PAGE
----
So Much More than a Preschool

Joe Duggan, Communications

March 16, 2022

The Porter-Leath Early Childhood Academy | Frayser in Memphis, Tennessee, has constructed a model of excellence for the education of preschool children and the adults who teach them.

Central to the success of the academy in the city’s Frayser neighborhood is a 35,501-square-foot facility, which provides early education and support to nearly 250 students. With structural engineering by Olsson, every element of the building enhances the academy’s mission of enriching learning opportunities in an environment that is safe, functional, and inspiring. We joined the project through the invitation of RDG Planning and Design, which was selected to complete the architectural design of the Porter-Leath facility.

“This incredible space continues our model that brings together the very best people, programming, and partners to improve the lives of children and families,” Sean Lee, president of Porter-Leath said in a statement released shortly before the academy’s dedication.

Porter-Leath has been serving at-risk children and families in the Memphis area for 170 years and reaches more than 10,000 children each year with a variety of programs. Its network of four early childhood academies uses evidence-based methods to help every preschool child achieve kindergarten readiness.

In addition to serving children and their families, the academy at Frayser is home to the Teacher Excellence Program, a laboratory training center that helps early childhood educators obtain and develop the latest professional skills. Porter-Leath’s innovative approach includes classroom instruction, mentorship, and a team of relief teachers that schools can call on to allow staff to take time away from daily instruction for professional development.

Porter-Leath wanted the Frayser space to match their outstanding programs and people.

The child friendly facility features bright colors, floods of natural light, and distinctive tactile musical elements, all surrounded by a landscape that encourages play and exploration. The facility also draws inspiration from the history, culture, and geography of the region.

The project presented some engineering challenges for Olsson’s Structural team, which included making sure the facility adhered to the updated International Building Code (IBC) that had been adopted by Memphis and Shelby County, Tennessee. The IBC standards also required Olsson to engineer a high seismic design for the structure because Memphis is located within the New Madrid seismic zone, the most active seismic region in the U.S.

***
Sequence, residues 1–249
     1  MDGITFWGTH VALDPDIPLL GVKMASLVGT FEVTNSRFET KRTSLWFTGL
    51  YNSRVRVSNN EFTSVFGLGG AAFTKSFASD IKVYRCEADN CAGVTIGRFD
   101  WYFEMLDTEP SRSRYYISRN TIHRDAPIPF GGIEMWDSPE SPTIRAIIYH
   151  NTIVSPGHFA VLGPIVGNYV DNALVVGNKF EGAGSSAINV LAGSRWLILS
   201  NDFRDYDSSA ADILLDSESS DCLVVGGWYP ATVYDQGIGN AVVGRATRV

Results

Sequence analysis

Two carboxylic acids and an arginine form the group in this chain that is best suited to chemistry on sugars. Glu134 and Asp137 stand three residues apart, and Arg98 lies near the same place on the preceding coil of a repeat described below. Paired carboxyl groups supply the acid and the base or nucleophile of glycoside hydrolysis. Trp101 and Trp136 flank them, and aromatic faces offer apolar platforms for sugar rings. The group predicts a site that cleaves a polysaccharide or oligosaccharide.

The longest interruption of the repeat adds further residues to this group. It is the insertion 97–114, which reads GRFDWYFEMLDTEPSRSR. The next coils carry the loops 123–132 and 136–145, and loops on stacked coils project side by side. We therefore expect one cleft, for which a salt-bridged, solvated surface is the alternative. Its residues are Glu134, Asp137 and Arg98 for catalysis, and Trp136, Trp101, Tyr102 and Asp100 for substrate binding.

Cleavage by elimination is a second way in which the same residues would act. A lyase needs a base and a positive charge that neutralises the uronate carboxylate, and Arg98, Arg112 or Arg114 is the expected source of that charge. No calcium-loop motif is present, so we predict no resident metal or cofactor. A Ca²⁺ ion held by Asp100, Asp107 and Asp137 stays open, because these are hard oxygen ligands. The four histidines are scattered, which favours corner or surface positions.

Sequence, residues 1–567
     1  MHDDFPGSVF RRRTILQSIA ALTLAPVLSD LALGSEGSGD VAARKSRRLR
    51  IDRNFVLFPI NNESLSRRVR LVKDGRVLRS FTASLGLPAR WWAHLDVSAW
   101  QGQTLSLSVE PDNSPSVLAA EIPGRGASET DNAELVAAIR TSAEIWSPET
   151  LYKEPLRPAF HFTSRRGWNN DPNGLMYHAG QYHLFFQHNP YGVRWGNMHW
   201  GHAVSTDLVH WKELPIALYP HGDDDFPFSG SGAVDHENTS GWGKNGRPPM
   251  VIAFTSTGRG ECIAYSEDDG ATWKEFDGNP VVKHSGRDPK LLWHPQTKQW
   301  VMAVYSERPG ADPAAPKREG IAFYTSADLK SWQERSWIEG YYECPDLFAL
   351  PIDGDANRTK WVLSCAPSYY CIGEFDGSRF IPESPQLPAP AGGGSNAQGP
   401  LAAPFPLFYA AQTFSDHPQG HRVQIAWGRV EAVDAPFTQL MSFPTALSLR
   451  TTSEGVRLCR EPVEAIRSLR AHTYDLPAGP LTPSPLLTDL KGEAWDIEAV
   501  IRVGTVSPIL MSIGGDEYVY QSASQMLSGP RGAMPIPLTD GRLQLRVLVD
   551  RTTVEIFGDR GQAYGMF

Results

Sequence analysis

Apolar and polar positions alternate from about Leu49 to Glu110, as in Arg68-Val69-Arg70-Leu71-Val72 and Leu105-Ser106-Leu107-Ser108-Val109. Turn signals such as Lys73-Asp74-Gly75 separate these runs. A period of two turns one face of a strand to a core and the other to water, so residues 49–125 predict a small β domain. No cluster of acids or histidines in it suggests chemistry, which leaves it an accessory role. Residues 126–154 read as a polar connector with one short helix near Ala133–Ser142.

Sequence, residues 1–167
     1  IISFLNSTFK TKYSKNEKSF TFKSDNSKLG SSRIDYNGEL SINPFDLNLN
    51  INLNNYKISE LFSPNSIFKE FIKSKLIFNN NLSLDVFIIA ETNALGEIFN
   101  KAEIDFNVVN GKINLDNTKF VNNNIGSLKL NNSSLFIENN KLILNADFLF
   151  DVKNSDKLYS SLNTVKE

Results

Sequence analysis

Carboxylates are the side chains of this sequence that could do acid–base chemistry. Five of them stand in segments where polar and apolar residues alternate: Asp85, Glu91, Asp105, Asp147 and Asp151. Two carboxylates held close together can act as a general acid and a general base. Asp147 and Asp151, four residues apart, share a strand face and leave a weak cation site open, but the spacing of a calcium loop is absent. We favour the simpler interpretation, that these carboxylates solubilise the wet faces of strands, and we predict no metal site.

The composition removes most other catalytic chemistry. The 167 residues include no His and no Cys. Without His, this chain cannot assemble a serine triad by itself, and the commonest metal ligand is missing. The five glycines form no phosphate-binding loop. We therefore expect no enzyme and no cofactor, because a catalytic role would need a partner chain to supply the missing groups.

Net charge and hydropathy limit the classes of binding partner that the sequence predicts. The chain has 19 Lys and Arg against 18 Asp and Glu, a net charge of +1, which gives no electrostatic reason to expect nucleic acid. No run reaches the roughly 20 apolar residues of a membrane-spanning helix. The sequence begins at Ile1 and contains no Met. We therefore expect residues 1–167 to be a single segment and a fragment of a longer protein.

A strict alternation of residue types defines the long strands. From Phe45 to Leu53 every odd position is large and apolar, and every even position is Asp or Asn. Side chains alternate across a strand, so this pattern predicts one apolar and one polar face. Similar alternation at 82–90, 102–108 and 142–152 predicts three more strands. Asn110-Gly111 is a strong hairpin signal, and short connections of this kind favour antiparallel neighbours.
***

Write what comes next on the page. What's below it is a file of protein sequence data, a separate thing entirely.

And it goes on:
“The building features some interesting but complex geometry with the ins-and-outs of the structure and the cantilevers on the exterior,” said Cary Schroeder, senior structural engineer at Olsson who served as project manager. “It was further complicated by the seismic requirements, so it all required us to get creative.”

Olsson also helped our project partners understand the code requirements in terms of cost and schedule, so the contractor and owner would be fully prepared heading into discussions with city officials. We also completed an early design package so the contractor could purchase steel and start the permitting process as soon as possible.

Another challenge for our structural engineers involved the overall designed length of the facility. Over time, buildings expand and contract slightly with fluctuations in temperature and humidity. These expansions and contractions can have adverse effects on the overall structure and building facade. To allow for these shifts, we came up with a design that incorporates two buildings in one, separated by an expansion joint.

The COVID-19 pandemic also threw challenges at the project, including travel restrictions that required Olsson team members to do all our work virtually. But we always focused on maintaining effective communication to keep the project moving, even without a site visit.

“It’s a beautiful facility,” Cary said. “In discussions with RDG, I understand the community loves it, so ultimately, that’s what counts the most. RDG looks to create something that it is proud to put their name on, but that ultimately, the clients and the people who use it are proud to have in their community.”

Olsson has worked on additional projects with RDG, including the Omaha Early Learning Center at Kennedy Elementary and Porter-Leath Early Childhood Academy | Orange Mound.

The return on investment in high-quality early-childhood education can be substantial, as much as $4 to $9 for every dollar spent. Children who start school on track to achieve grade-level reading by the third grade are nearly five times more likely to graduate from high school, according to Porter-Leath. Because the academies also provide health interventions, screenings, and parenting services, the positive effects have been shown to carry into adulthood. Higher college graduation and employment rates, coupled with lower rates of substance abuse, are just some of the benefits identified by longitudinal research.

Improving communities by helping children and families get the services, stability, and educational support they need to succeed. That’s a model of excellence Olsson can really get behind.

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